One of the most difficult areas in the state to get a good count is around the Warm Springs Reservation in Eastern Oregon.

For the outreach effort, both the U.S. Census Bureau and We Count Oregon will hire temporary, part-time workers who will canvass the county. The Census Bureau pays $18 an hour in Jackson County and is looking for 800 applicants, with veterans receiving preferential treatment. We Count Oregon pays $17. For more information, see 2020census.gov/jobs or wecountoregon.com.

Tervalon-Garrett said her group will hire 188 people who will man phone banks, send out text alerts and go out into the community to remind people to get counted.

Misty Slater, media specialist in Oregon for the U.S. Census Bureau, said this is the first time people can fill out the census form online, starting after March 12.

“It is so much easier,” Slater said. “We’re making it as accessible as possible.”

People still have the option of filling out a paper form or calling the Census Bureau. A mailer will hit Jackson County next month explaining the options in more detail.

Slater said some households don’t have an internet connection, so a census worker will sometimes knock on a door as a reminder. The sooner you get the count filled out and sent in, the less chance someone will come to your door.

Slater said the Census Bureau will provide information in 13 of the most common languages spoken in the U.S.

Slater said the census data are woven into many aspects of American life, but she said an accurate count is important for communities to make sure they are getting their fair share of federal dollars.

While some people might worry about privacy issues, the Census Bureau releases only statistical data — not personal information.

She said undocumented immigrants are entitled to be counted, and none of the information is shared with immigration or law enforcement.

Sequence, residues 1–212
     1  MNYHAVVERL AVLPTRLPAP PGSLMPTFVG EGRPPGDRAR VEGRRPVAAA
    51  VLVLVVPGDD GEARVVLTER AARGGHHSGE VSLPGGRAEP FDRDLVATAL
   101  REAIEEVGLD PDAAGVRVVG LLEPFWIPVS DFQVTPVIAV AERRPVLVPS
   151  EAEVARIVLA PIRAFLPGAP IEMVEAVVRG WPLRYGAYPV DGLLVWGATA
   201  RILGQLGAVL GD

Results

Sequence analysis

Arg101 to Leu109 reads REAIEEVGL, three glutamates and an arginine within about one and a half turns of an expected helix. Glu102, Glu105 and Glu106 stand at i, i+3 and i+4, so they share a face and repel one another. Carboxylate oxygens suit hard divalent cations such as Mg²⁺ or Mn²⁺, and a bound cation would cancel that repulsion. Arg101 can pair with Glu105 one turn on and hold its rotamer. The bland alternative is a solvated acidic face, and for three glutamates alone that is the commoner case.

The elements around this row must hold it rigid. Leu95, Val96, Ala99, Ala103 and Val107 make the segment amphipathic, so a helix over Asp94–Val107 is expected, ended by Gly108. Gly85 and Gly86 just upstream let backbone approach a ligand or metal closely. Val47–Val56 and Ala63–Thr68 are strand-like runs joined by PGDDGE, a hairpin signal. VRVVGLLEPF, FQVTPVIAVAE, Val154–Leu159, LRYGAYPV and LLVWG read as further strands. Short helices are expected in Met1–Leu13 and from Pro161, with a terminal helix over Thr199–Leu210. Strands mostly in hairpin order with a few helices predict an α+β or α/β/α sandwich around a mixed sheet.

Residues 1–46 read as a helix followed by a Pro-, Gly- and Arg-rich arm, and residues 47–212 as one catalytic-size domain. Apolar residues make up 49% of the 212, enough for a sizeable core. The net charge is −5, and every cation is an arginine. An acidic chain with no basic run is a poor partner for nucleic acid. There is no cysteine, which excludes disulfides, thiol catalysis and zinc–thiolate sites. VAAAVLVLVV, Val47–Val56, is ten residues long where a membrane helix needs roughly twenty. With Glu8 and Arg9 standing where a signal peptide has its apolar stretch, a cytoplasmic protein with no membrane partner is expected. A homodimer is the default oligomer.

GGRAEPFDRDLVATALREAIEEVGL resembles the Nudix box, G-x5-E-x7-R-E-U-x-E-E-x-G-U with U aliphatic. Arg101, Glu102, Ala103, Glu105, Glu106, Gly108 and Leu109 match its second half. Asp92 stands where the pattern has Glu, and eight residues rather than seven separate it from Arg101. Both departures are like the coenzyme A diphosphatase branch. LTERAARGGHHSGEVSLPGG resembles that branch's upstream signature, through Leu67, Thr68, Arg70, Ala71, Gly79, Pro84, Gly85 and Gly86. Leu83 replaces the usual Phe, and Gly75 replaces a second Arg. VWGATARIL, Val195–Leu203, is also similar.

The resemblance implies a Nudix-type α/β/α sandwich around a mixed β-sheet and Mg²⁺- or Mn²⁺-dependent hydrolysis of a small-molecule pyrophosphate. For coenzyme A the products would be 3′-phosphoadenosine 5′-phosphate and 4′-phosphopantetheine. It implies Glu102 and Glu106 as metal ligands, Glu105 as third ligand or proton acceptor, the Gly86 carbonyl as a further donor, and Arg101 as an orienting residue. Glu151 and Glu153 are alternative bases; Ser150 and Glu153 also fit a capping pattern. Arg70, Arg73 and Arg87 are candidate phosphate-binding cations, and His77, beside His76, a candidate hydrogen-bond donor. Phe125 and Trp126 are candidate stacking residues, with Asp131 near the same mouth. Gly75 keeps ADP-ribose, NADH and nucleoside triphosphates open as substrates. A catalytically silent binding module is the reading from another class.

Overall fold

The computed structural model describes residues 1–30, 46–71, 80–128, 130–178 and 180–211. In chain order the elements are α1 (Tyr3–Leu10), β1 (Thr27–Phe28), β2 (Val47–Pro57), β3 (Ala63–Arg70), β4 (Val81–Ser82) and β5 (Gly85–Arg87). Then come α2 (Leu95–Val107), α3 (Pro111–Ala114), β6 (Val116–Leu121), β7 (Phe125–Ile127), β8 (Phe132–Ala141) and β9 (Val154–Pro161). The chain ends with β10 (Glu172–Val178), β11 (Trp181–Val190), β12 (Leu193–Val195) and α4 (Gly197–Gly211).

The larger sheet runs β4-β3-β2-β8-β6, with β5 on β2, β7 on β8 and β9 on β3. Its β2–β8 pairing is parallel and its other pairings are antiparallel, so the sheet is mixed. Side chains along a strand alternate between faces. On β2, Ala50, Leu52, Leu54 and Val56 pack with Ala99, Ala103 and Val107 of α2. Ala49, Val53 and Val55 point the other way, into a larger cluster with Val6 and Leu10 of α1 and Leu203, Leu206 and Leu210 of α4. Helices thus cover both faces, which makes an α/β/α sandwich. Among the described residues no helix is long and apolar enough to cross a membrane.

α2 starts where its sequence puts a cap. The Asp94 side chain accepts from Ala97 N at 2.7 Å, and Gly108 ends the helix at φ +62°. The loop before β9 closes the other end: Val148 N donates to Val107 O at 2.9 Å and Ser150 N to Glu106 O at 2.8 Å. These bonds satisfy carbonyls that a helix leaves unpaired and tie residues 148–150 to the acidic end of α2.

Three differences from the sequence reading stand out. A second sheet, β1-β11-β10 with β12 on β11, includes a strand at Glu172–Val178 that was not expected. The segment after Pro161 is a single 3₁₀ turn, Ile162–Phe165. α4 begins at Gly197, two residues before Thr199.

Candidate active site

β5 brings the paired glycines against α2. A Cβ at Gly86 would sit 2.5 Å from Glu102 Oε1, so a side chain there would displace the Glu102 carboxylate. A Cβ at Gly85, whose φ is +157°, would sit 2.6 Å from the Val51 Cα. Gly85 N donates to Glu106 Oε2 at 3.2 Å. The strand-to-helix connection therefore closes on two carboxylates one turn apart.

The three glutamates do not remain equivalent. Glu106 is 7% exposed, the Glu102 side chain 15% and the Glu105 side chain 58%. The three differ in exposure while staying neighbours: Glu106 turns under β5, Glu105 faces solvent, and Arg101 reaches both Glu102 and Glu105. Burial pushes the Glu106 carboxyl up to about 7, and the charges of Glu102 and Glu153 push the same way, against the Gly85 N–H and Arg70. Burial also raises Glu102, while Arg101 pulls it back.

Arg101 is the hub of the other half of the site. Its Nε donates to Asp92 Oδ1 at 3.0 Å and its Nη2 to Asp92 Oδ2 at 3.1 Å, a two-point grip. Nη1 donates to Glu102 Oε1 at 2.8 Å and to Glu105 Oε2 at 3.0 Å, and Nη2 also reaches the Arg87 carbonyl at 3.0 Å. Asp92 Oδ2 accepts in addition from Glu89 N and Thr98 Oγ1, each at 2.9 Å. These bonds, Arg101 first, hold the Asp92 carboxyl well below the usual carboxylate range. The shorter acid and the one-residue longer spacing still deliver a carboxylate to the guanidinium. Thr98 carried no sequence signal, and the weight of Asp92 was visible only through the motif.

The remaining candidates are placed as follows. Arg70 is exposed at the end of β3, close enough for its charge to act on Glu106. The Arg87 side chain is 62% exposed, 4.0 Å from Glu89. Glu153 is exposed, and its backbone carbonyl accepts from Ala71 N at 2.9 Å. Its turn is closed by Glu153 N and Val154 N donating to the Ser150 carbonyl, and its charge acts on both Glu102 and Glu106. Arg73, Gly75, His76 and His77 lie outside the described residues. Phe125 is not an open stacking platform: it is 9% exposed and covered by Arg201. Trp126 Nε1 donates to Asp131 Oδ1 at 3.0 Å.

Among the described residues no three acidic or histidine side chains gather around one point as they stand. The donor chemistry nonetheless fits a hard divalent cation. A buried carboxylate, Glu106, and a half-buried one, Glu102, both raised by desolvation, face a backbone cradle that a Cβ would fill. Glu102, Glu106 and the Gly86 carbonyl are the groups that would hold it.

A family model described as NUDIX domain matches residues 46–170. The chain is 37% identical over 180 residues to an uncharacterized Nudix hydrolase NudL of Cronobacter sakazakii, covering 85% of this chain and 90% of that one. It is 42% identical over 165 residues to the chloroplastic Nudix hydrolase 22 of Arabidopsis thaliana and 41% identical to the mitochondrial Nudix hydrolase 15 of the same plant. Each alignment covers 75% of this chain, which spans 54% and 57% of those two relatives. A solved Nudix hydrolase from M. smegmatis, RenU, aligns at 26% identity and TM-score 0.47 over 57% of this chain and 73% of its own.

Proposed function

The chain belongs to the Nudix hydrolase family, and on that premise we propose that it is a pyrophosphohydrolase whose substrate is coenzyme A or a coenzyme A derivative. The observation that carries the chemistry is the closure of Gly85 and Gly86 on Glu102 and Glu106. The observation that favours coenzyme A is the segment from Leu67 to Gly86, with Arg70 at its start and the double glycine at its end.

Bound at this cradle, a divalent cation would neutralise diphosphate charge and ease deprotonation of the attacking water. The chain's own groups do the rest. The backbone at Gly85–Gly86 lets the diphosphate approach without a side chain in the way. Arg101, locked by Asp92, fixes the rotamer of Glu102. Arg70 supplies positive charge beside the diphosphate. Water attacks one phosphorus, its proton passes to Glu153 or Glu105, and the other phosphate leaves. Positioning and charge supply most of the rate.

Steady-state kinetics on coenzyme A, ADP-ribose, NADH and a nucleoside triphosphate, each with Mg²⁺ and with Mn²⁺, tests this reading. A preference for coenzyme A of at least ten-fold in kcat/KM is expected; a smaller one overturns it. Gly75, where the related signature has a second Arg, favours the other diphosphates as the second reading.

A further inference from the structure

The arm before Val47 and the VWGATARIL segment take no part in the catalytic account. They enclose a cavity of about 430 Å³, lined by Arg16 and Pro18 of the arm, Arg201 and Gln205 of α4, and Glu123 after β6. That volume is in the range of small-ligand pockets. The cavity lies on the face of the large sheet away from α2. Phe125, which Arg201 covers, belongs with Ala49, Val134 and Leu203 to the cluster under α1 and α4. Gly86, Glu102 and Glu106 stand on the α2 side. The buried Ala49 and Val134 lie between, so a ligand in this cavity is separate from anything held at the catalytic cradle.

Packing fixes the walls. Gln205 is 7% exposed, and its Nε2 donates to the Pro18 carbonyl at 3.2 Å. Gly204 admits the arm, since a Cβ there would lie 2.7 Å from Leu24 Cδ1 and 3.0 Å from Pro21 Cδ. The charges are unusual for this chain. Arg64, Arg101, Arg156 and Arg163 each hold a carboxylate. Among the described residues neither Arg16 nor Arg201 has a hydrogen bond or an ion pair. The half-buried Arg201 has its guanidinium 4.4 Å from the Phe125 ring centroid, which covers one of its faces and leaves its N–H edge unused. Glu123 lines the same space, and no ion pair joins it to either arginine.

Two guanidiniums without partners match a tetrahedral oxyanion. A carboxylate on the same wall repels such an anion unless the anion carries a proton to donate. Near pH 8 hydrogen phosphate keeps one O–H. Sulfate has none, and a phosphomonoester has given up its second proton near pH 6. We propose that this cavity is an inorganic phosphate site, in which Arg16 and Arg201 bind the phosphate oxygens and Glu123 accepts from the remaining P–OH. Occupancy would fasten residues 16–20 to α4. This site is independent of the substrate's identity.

“Census employees must take an oath for life not to divulge any personal information,” she said. “We want to safeguard people’s privacy. None of these answers can ever be used against them.”

Slater said the Census Bureau supports local and state efforts to get the word out about the census.

“They’re going to know their residents better than we know our residents,” she said.

State Rep. Pam Marsh, D-Ashland, said legislators have gotten a rundown on the work for the census in Oregon, and she plans to offer any help she can for We Count Oregon.

Marsh said she recently participated in the annual homeless count on the Greenway and got a firsthand view of how difficult it is to reach out to some members of the community.

She’s also championed efforts to get broadband to rural areas, where 10-20% of Oregonians have difficulty getting on the internet.

Without a good connection, these rural Oregonians would have a difficult time filling out the online census count, she said.

She said an accurate census count helps the state as a whole receive a number of benefits, including for schools, roads and health care.

“We’re likely going to get a sixth congressional district as a result of this census,” Marsh said. “People need to get ready and understand how critical it is.”

Marsh said state and private philanthropic institutions have put money into getting the word out because an accurate count is important.

“We’re going to be driving the effort statewide from this little corner of Oregon,” she said.

Reach reporter Damian Mann at 541-776-4476 or dmann@rosebudmedia.com. Follow him on www.twitter.com/reporterdm.

Jamie Lusch / Mail TribuneEsperanza Tervalon-Garrett, manager of We Count Oregon, Wednesday at her ranch on Dead Indian Memorial Road. We Count Oregon is an organization that will reach out to hard-to-count groups for the census.